"In dealing with foreign nations his mistake on this head was more conspicuous, because he had far less knowledge of the conditions of efficient action abroad than he had at home. It may fairly be said that he knew less of Scotland than of England, less of Ireland than of Great Britain, and less of the Continent than of any one of the three nations over which he ruled. It has sometimes been said that Oliver made England respected in Europe. It would be more in accordance with truth to say that he made her feared."
"Oliver's claim to greatness can be tested by the undoubted fact that his character receives higher and wider appreciation as the centuries pass by. The limitations on his nature—the one-sidedness of his religious zeal, the mistakes of his policy—are thrust out of sight, the nobility of his motives, the strength of his character, and the breadth of his intellect, force themselves on the minds of generations for which the objects for which he strove have been for the most part attained, though often in a different fashion from that which he placed before himself. Even those who refuse to waste a thought on his spiritual aims remember with gratitude his constancy of effort to make England great by land and sea; and it would be well for them also to be reminded of his no less constant efforts to make England worthy of greatness."[7]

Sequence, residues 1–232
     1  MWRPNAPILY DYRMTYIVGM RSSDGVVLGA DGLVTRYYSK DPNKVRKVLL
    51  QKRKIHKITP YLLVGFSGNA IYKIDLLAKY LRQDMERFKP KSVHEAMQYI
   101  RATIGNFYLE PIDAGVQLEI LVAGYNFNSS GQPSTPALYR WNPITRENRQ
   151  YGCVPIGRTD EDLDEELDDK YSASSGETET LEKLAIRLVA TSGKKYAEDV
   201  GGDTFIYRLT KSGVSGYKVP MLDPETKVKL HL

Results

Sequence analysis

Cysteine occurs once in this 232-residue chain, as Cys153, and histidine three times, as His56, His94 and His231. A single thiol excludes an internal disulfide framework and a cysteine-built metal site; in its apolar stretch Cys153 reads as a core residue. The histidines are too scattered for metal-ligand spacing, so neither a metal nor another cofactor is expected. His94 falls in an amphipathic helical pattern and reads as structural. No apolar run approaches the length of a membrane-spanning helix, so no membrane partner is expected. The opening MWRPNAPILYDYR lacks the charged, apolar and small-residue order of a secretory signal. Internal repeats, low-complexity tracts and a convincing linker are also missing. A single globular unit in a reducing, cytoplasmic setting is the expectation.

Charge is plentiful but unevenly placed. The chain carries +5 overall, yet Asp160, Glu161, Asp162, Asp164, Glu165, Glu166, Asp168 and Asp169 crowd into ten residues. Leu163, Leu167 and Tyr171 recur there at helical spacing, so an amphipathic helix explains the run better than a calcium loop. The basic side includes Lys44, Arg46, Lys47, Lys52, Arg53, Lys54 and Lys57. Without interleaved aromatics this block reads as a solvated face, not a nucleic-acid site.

Gardiner married twice. First to Isabell Irving, daughter of Rev Edward Irving.[8] After her death in 1878, he married fellow historian Bertha Cordey in 1883.[9]


  • History of England from the Accession of James I to the Disgrace of Chief-justice Coke. 1602–1616 (London: Hurst and Blackett, 1863) read online
  • Prince Charles and the Spanish Marriage, 1617–1623 (2 vols.) (London: Hurst and Blackett, 1869) read online
  • The Thirty Years' War, 1618–1648 (London: Longmans, Green and Company, 1874) read online
  • History of England from the Accession of James I to the Outbreak of the Civil War, 1603–1642 (10 vols.) (London: Longmans, Green and Company) (1883–1884, 1896–1901, 1904–1908) read online